Best Practices in the WSO2 Carbon Platform


This post discusses best practices when programming with the WSO2 Carbon platform, which is the base for all WSO2 products.

Here are the main points discussed in this post:

  1. Do not hardcode compile time, run time dependencies and re-use properties in the root pom.
  2. Use OSGI Declarative Services
  3. Do not copy paste code, re-use code through OSGI, Util methods, etc.
  4. Understand Multi tenancy and design for Multi Tenancy
  5. Write tests for your code


These points are discussed in detail below giving reasons and a HOWTO for each point. Hope you find the details useful as this is a long (and probably boring) read.

  1. Do not hardcode compile time, run time dependencies and re-use properties in the root pom.
Why do this?
This should be avoided as it threatens the stability of the build. If two versions of the same jar comes into a product, it can cause OSGI related errors, that can take some time to identify and fix.
How to avoid this?
Make sure the root pom (components/pom.xml or platform/pom.xml) has a dependency version defined, and use that.
Ex: in platform/pom.xml
If it is not defined, please define it in the root pom and use this version.
2. Use OSGI declarative services
Do not get service references in the activate method.
ServiceReference serviceReference = componentContext.getBundleContext().getServiceReference(Foo.class.getName());
        if(serviceReference != null){
            Foo = (Foo) componentContext.getBundleContext().getService(serviceReference);
Why do this?
(Quoting, Pradeep here) This can lead to erroneous situations and you will have to check whether services are available in a while loop to make it work properly. And it becomes complicated when two or more service references.
Why bother to do all this when the DS framework handles all this for you.
How to avoid this?
Use a DS reference in your service component.
 * @scr.reference name=”foo.comp”
 * interface=”org.wso2.carbon.component.Foo”
 * cardinality=”1..1″ policy=”dynamic” bind=”setFoo”  unbind=”unsetFoo”
protected void setFoo(Foo foo) {
// do whatever ex:
protected void unsetFoo(Foo foo) {
// make sure lose the reference
3. Do not copy paste code, re-use code through OSGI, Util methods, etc.
If you need functionality provided by other components, don’t copy paste code. Find another way to re-use the code. If you need some common thing done most probably, there exists a util method to that, or an osgi method. If not add or create one.
Why do this?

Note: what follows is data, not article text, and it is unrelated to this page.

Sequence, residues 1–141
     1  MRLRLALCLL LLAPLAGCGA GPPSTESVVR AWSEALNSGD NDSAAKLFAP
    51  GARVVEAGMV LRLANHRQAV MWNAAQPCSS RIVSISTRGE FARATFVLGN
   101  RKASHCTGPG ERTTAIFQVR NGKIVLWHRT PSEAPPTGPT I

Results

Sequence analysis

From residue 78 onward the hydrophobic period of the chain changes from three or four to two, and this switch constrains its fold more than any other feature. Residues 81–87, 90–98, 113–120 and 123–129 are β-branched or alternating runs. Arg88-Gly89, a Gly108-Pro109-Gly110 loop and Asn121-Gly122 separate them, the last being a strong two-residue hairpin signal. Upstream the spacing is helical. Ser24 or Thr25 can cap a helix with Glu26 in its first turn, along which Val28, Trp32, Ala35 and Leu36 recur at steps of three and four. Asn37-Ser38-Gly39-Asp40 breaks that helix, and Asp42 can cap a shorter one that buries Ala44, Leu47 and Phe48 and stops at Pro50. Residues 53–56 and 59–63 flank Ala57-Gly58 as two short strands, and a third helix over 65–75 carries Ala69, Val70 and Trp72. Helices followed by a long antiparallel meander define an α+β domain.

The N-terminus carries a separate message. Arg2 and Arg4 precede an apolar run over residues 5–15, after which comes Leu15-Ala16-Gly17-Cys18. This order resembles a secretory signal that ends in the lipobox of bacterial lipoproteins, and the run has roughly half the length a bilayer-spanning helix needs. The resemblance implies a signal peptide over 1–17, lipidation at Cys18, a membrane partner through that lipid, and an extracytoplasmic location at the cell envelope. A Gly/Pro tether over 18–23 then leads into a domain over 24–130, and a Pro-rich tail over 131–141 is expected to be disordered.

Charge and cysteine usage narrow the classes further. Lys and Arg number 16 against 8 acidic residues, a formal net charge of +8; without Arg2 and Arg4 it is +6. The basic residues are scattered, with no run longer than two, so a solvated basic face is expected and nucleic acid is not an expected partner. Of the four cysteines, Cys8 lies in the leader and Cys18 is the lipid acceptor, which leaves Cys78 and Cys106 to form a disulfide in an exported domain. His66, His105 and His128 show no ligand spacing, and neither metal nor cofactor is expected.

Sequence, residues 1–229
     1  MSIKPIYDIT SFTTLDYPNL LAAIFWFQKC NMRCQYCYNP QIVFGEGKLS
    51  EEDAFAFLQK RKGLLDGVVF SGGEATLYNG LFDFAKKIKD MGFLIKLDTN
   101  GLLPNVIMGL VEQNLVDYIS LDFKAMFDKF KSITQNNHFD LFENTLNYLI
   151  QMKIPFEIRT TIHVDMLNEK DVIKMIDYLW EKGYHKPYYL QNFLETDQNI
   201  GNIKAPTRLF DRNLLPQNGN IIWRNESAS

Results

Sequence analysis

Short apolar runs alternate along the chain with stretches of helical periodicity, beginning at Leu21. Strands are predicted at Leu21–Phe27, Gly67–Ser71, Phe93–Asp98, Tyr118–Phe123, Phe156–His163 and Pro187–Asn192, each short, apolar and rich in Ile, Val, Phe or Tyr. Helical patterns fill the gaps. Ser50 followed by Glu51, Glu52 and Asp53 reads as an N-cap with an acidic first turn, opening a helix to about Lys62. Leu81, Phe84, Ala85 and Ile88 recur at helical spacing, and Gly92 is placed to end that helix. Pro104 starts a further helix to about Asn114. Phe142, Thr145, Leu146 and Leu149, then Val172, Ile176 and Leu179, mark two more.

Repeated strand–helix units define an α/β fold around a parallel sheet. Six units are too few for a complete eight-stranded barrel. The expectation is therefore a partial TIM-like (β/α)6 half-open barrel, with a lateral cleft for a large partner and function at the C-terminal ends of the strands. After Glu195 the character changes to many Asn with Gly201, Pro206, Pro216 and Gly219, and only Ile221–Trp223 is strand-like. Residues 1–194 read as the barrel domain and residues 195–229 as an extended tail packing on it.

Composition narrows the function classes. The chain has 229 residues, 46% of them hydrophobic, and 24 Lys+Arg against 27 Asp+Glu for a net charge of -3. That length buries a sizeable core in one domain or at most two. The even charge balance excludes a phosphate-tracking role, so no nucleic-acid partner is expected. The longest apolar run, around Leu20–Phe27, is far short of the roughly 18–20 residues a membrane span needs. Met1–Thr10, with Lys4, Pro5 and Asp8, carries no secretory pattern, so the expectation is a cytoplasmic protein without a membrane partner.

It might take some effort and discipline but later on you (or someone else) will have to write less code. If changes happen to the original code, you will have to fix the copy pasted code as well (which is often missed).
How to do this?
i. Use util methods/ constants
Easily said with an example. Ex: To split domain name from user name use, MultitenantUtils.getTenantDomain(username);
Same applies for constants. Ex: MultitenantConstants.SUPER_TENANT_DOMAIN
ii. Use and expose OSGI services
You can simply expose any class you want by registering an OSGI service,
ex: In the bundle activator,
                        registerService(Foo.class.getName(), new Foo(), null);
Get a reference and re-use as pointed in point 2.
4. Understand Multi tenancy and design for Multi Tenancy
I feel that some folks don’t understand what multi tenancy (MT) means.  It is an important aspect of the platform and it should not be an after thought, but a part of the design.
Why do this?
Making code work for multiple tenants needs some careful design. It may not be straight forward for some cases. So thinking about it after a release or when you want to make the code work for MT may require some heavy refactoring. Now with the products and services merged, multi tenancy should not be separate at all.
How to do this?
This is an extensive topic so I will not go into details.
Using AxisConfigurationContextObserver, Tenant aware registries are some easy ways provided by the platform. If you are depending on a non-MT dependency, you will have to figure out how to make it work in the MT case. You can always get help from other folks who have done MT aware stuff.
5. Write tests for your code
Make sure you write tests for your code and gain a good % of code coverage. Folks will not know whether changes will break functionality or not until it is too late.
Why do this?
The reasons are obvious and have been stated by many. But to re-iterate, this makes the code base extremely stable. Other folks can change your code to fix bugs or do enhancements without worrying about breaking functionality or actually breaking functionality.
How to do this?

I personally prefer unit tests. But we have an integration test framework and as well as a system test framework (Clarity). Make sure you have tests to address to cover most functionality, if not all functionality. Features should not be considered complete, without test coverage.


If you find improvements on the points spoken, please do leave a comment and I will incorporate it into the post.

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